Won the 1971 Nobel Prize in chemistry for using spectroscopy to discover the internal geometry and energy states in simple molecules, and in particular the structure and characteristics of free radicals.
"You shouldn’t do science just to improve wealth — do science for the sake of human culture and knowledge. There must be some purpose in life that is higher than just surviving."
Herzberg was a physicist, but his discoveries are important to chemists because they involve the internal geometry and energy states of molecules. Remember: When Herzberg was born, the concept of an electron was just catching on. When he graduated from university, people had yet to discover how atoms combined to form molecules. It was all new theory. Very little had been proven.
To try to prove all these exciting ideas, Herzberg became a pioneer in the field of molecular spectroscopy, the study of how atoms and molecules emit or absorb light. By analyzing spectrograms — a sort of photograph of the way a molecule emits and absorbs light — he was able to tell a lot about molecules. For example, by measuring the distance between the lines on a spectrogram and counting how many lines there were, he was able to apply some mathematical formulas that described the energy levels and probable locations of the electrons in the molecule. This was very useful to chemists, because the new knowledge helped them to imagine new ways to combine chemicals to create new substances.
Once the spectrum of a molecule is known, astronomers can also use it. They can characterize the composition of distant stars and nebulae by training spectrographs on them through telescopes. This is handy if you are interested in knowing what stars are made of. It’s a way to learn what is out there, millions of light years away, without having to make the impossibly long trip to visit a place and take samples. This is one thing that really interested Herzberg, because it tied in with his childhood love of astronomy.
A spectrogram is created with a machine called a spectrograph. It takes a beam of light created by burning the chemical you wish to investigate. The light is focused by a lens, then passed through a prism and spread out into its component parts, like a rainbow. But this rainbow is very precise and appears as dark and light vertical lines that you can measure.
A spectrogram is a long piece of plate glass coated with photographic chemicals. After they have been exposed in a spectrograph and developed, the plates have dark, vertical lines. By measuring the spacing and thickness of the lines, physicists can apply mathematical formulas and determine some of the energy states of the molecules whose light produced the spectrogram.
The distance between the larger lines in the spectrum is proportional to the molecule’s “vibrational” energy. The small groups of lines clustered around the major lines represent the “rotational” energy of the molecule. These lines and their mathematical relationships are called Balmer lines, for the Swiss high school teacher who figured them out in 1885.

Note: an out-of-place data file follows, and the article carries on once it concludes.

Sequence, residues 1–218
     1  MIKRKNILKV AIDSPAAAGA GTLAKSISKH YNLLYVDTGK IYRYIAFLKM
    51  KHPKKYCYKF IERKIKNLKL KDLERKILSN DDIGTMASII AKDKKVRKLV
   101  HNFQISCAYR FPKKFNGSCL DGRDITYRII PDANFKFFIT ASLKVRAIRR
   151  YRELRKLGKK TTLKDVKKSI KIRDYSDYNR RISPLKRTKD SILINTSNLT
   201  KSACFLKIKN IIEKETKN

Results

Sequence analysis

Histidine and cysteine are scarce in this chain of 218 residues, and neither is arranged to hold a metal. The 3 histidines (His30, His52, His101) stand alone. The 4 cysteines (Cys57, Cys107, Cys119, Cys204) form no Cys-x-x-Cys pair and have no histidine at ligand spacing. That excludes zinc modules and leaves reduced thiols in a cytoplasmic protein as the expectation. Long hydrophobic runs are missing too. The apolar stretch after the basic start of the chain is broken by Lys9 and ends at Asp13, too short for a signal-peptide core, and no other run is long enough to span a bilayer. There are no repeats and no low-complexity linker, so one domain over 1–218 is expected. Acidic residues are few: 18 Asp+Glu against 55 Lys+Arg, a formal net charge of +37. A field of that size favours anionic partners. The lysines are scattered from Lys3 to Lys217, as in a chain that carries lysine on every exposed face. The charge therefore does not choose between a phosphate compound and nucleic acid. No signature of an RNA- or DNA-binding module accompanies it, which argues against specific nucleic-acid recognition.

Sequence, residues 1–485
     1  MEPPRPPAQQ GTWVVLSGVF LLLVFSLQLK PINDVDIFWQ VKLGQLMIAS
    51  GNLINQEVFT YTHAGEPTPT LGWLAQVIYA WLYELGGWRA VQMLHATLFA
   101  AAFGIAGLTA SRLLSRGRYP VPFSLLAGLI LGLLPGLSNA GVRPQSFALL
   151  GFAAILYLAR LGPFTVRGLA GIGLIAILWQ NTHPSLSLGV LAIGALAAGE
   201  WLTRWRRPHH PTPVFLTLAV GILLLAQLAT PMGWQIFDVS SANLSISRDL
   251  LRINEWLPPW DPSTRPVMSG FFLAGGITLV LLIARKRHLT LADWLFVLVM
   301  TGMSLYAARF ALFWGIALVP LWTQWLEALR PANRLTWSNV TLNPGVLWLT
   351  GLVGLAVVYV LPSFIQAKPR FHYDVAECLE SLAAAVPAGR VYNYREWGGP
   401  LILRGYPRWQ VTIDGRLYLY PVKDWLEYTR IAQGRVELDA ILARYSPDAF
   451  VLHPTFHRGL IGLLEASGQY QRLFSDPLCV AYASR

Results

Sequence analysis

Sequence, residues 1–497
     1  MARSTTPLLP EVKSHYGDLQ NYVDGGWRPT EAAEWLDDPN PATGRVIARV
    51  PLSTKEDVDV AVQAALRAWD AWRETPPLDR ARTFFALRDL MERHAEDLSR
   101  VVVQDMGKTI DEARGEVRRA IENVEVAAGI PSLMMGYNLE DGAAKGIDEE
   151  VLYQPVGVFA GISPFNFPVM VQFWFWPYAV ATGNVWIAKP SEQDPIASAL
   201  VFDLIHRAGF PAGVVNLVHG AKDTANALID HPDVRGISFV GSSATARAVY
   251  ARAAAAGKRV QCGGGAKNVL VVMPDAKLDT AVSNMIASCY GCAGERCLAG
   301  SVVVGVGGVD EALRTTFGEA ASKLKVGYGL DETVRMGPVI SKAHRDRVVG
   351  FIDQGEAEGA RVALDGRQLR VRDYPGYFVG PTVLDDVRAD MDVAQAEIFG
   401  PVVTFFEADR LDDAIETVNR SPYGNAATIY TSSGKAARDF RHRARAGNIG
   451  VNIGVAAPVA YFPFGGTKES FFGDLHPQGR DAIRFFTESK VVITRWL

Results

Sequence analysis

Methylene (CH2) is a free radical, which means it has an extra pair of electrons that it tries to share with another molecule. These extra electrons make the free radical very reactive, meaning it will combine quickly, usually within a few millionths of a second, with some other molecule.
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Strange as it may seem, in his later years Herzberg liked to remind people that they should not do science for the purpose of doing something useful. “That’s not why I did it,” he said. “Scientists wonder how certain things work, so they try more and more to find out how and why. Whether or not their work will lead to something useful, they don’t care, because they don’t know, and for that matter, they’re not that interested. If you develop science only with the idea to do something useful, then your chances of discovering something useful are less than if you apply your mind to finding something essential.” According to Herzberg, a true scientist looks to uncover the mysteries of nature for the sole purpose of advancing human knowledge. The usefulness of this knowledge becomes self-evident after it is discovered. Prime examples of this are X-rays and lasers, both of which were discovered by physicists who had no idea how useful their discoveries would later become.
Gerhard Herzberg, Atomic Spectra and Atomic Structure, Dover, 1944.
J. Michael Hollas, Basic Atomic and Molecular Spectroscopy, Wiley-RSC, 2002.
Boris Stoicheff, Gerhard Herzberg: An Illustrious Life in Science, NRC Press, McGill-Queen’s University Press, 2003.
An introduction to spectroscopy on the NASA Goddard Space Flight Center website.